68 Hate Violence against the Lesbian, Gay, Bisexual, Transgender and Queer Communities in the United States in 2009 (2010) at 18, supra, at Note 42.
69 The 2008 Annual Report, the most recent available, can be retrieved at http://www.mass.gov/Eeops/docs/eops/HateCrimes2008.pdf .
70 Stotzer, R. (2009), supra, at Note 1.
transgender subjects in her study.71 Some of the narrative elaborations of crimes surveyed in this study provide support for the thesis of Sloop, R. (2000) and Lombardi et al. (2001) that sexual assaults represent perpetrators‟ attempts to forcibly impose sex-role compliance.72 In this respect anti-transgender sexual assaults may be similar to anti-lesbian rapes.73
These data do not suggest that anti-transgender bias crimes differ appreciably from reported hate crimes generally in the type of place where they occur. 33% of crimes in this survey took place on sidewalks, streets, or alleys; 14% occurred in parking lots or garages; and 22% were reported to have happened at private residences. The comparative percentages for these location types in the 2008 Massachusetts Hate Crimes Annual Report are 29.6%; 4%; and 29.3%.74 This survey included a slightly higher percentage of crimes occurring in night clubs (12%) than was the case for hate crimes generally in 2008 (2.2%). A slightly smaller percentage of anti-transgender crimes surveyed occurred in schools (3%) than among 2008 hate crimes overall (12.3 %.)75 The patterning of locations for anti-transgender violence in this study is roughly comparable to, though different in a few respects from the locational data reflected in Stotzer (2008.)76 Stotzer (2009) suggests that violence against transgender people is especially likely to take place at home, citing two studies where 56.3% and 66% of transgender respondents
71 Kenagy, G.P. (2005). Transgender health findings from two needs assessment studies in Philadelphia, Health and Social Work, 30(1), 19-26.
72 Sloop, R. (2000) Disciplining the Transgendered : Brandon Teena, Public Representation, and Normativity, in Western Journal of Communications 64(2) 165-189; Lombardi, E. et al. (2001), supra, at Note 46.
73 Tomsen and Mason. (2001), supra, at Note 62.
74 Massachusetts Hate Crimes 2008, supra, at Note 69.
75 Ibid. The low incidence of reports of crimes at schools may reflect a sample underrepresentative of younger transgender victims. Other studies suggest that there is a high incidence of gender-identity-related violence in the “full contact hallways” of American high schools. Wyss, S. „This was my hell‟: the violence experienced by gender non-conforming youth in U.S. high schools, International Journal of Qualitative Studies in Education 17(5) 709-730.
76 Stotzer (2008), supra, at Note 11.
reported experiencing violence at home.77 With available data so sparse no firm conclusions can be drawn about the types of locations where anti-transgender crime are most likely to occur.
We cannot tell from these data whether perpetrators of anti-transgender violence seek out their victims at locations which are recognizably associated with the LGBT community.78 While 20% of hate crimes surveyed occurred in locations prominently associated with the LGBT community in the public mind, one of these crimes involved perpetrators their victims assumed were gay or lesbian themselves.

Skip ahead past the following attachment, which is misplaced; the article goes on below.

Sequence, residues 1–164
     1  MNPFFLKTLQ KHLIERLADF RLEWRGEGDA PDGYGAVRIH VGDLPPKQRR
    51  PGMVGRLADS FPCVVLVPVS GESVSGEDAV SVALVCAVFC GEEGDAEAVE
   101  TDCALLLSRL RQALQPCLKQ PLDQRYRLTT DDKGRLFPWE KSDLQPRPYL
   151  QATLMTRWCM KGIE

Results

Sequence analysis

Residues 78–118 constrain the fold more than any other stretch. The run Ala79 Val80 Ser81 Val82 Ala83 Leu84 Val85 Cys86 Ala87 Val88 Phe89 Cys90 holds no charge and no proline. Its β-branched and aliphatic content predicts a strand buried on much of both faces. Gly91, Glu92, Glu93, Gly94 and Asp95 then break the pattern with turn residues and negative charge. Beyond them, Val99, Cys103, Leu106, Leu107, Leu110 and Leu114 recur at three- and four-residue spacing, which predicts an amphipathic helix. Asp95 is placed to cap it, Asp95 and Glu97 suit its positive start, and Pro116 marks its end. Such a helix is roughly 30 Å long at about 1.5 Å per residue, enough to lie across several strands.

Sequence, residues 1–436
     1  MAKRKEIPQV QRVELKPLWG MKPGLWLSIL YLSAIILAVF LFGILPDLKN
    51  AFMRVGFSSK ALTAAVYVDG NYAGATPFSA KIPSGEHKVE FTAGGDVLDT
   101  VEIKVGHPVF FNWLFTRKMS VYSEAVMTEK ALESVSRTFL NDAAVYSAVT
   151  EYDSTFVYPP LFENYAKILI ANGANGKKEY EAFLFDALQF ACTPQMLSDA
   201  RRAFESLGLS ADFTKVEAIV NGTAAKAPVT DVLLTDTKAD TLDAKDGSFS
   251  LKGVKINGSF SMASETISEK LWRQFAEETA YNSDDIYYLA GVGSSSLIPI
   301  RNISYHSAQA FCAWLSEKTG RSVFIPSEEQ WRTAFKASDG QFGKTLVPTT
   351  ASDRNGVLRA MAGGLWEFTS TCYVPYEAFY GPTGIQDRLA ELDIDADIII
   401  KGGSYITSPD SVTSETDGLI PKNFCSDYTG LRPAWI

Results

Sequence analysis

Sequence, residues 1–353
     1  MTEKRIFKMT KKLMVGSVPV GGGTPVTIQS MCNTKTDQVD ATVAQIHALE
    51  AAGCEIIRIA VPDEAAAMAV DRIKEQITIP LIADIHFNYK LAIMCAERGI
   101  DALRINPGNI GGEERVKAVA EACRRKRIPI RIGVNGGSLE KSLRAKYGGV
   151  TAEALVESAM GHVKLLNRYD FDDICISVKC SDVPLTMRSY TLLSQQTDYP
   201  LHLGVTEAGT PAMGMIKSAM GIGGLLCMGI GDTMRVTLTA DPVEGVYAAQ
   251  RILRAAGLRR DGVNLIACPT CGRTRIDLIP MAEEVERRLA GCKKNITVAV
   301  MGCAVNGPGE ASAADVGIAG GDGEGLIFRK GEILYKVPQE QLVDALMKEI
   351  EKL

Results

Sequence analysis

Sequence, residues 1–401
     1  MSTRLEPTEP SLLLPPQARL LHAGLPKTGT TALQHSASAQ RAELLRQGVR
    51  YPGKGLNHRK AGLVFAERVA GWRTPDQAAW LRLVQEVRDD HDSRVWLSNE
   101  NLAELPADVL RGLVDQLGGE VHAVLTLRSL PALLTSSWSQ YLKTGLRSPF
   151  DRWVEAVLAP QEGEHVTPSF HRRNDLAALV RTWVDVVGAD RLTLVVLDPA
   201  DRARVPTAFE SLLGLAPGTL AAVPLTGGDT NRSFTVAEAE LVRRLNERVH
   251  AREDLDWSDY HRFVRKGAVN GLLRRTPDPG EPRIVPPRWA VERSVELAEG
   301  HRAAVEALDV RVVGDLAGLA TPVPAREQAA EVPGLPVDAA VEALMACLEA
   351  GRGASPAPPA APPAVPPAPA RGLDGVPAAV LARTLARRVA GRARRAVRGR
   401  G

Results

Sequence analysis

These data do not point in the direction of perpetrators of anti-transgender crimes differing strikingly from the “thrill-seeking” and “mission” offenders who are strangers to their victims.79 67% of survey respondents reported that they did not know their attackers. However, other information suggests that transgender victims are especially likely to know the perpetrators of sexual violence against them.80 There is some indication that perpetrators of anti-transgender violence may be more likely to be known to their victims than is the case with sexual-orientation-bias-related crimes.81 Still, in the 49 cases of anti-transgender hate crime examined in Stotzer (2008), 87.2% of perpetrators were strangers to their victims. The data are inconclusive at present. Still it can be said that transgender hate crime victims are subject to attack by strangers, acquaintances, partners and dates, and family members to unknown degrees.
77 Stotzer (2009), supra, at Note 1, citing Kenagy, G.P. and Bostwick, W.B. (2005). Heath and social service needs of transgender people in Chicago. In Walter Bockting & Eric Avery (Eds.), Transgender health and HIV prevention: Needs assessments studies from transgender communities across the United States Binghamton, New York: Haworth Medical Press; Kenagy, G.P. (2005). Transgender health findings from two needs assessment studies in Philadelphia, Health and Social Work, 30(1), 19-26.
78 Compare Gary David Comstock (1991) Violence Against Lesbians and Gay Men at 48-50, Columbia University Press: New York.
79 Levin, J. and McDevitt, J., (2002) Hate Crimes Revisited 67-77; 91-114. Boulder, Colorado: Westview Press.
80 Stotzer (2009), supra, at Note 1.